The entire model can attain a preferred computation-accuracy balance because the local UniFormer block considerably saves computation of token comparison in the shallow levels. Second, instead of using absolute position embedding in the UniFormer, the team uses dynamic position embedding (DPE). It uses a convolutional algorithm to overcome permutation invariance and adapt to diverse visual token input lengths.
The team first creates a set of visual backbones for image classification by stacking the local and global UniFormer blocks hierarchically while keeping the computation-accuracy balance in mind. The backbones, as mentioned earlier, are then extended to handle other common vision tasks, such as video categorization and dense prediction (i.e., object detection, semantic segmentation, and human pose estimation). The UniFormer’s generality and flexibility indicate its usefulness in computer vision research and beyond.
The team conducts extensive experiments on ImageNet-1K image classification, Kinetics-400 and SomethingSomething V1&V2 video classification, COCO object detection, instance segmentation and pose estimation, and ADE20K semantic segmentation to verify the efficiency and effectiveness of our UniFormer for visual recognition. They also conduct detailed ablation research to examine each UniFormer design.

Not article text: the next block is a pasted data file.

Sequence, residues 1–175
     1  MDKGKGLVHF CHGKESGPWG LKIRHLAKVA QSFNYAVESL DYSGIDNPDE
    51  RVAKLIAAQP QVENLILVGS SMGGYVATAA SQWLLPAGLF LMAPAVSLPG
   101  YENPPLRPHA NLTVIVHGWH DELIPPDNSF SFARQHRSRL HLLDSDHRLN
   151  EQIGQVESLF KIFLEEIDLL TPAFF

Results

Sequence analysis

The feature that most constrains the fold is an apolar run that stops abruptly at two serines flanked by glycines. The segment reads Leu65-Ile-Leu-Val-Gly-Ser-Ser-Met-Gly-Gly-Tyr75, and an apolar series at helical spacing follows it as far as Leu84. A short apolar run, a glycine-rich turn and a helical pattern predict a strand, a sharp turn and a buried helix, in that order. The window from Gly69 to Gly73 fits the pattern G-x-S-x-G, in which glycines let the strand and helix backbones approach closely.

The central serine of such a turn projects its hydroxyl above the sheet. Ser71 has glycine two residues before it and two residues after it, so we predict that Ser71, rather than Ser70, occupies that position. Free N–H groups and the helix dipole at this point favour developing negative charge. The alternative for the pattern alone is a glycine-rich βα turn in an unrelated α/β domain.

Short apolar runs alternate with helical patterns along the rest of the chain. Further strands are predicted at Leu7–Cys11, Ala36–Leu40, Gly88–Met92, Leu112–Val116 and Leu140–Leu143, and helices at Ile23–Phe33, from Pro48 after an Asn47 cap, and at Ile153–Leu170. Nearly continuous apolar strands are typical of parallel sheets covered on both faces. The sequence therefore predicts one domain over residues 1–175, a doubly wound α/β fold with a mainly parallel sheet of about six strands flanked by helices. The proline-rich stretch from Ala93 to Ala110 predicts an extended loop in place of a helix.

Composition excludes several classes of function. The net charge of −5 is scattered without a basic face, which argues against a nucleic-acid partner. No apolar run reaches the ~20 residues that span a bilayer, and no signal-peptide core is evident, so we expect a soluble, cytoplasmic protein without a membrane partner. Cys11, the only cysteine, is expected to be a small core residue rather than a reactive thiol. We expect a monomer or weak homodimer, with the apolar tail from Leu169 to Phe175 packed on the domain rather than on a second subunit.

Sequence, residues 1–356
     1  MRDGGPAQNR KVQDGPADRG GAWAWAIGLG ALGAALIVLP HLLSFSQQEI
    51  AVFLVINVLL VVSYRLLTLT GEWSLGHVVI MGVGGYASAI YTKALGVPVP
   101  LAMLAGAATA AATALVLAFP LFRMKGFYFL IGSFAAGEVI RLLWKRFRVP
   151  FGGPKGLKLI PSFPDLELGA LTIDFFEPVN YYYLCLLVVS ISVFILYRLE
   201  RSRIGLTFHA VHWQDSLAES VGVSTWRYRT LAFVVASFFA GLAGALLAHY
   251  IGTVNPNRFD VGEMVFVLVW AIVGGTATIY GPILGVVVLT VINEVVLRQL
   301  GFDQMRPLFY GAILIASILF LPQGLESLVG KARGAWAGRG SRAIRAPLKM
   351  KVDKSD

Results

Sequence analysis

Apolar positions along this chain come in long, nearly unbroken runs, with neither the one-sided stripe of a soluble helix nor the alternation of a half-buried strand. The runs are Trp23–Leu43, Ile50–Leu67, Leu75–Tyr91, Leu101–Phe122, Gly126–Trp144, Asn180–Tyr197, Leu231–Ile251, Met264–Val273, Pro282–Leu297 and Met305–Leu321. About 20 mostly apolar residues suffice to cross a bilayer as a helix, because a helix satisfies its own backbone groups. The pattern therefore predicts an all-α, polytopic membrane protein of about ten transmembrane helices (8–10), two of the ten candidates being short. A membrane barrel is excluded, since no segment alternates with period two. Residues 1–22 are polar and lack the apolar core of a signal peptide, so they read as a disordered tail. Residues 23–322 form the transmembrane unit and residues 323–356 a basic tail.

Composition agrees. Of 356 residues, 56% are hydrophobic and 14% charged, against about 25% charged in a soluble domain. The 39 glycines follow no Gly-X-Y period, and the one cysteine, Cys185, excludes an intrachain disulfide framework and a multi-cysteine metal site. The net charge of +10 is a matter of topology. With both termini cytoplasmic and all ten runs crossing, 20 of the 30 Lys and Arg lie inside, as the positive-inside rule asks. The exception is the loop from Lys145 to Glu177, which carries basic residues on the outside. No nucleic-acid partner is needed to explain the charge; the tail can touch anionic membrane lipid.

UniFormer-L obtains 86.3 top-1 accuracies on ImageNet-1K without any additional training data. UniFormer-B also achieves 82.9/84.8 top-1 accuracy on Kinetics400/Kinetics-600 with only ImageNet-1K pre-training, 60.9 and 71.2 top-1 accuracies on SomethingSomething V1&V2, 53.8 box AP and 46.4 mask AP on the COCO detection task, 50.8 mIoU on the ADE20K semantic segmentation task, and 77.4 AP on the COCO pose estimation task with only ImageNet-1K pre-training.
The authors suggest a revolutionary UniFormer for fast visual recognition in this paper, which efficiently unifies convolution and self-attention in a concise transformer format to eliminate redundancy and dependency. Local MHRA is used in shallow layers to reduce computing load, whereas global MHRA is used in deeper levels to learn global token relations. Extensive testing has demonstrated the UniFormer’s remarkable modeling capabilities. The UniFormer achieves state-of-the-art outcomes on a broad range of vision tasks with less training expense thanks to easy yet effective adaptation.
Nitish is a computer science undergraduate with keen interest in the field of deep learning. He has done various projects related to deep learning and closely follows the new advancements taking place in the field.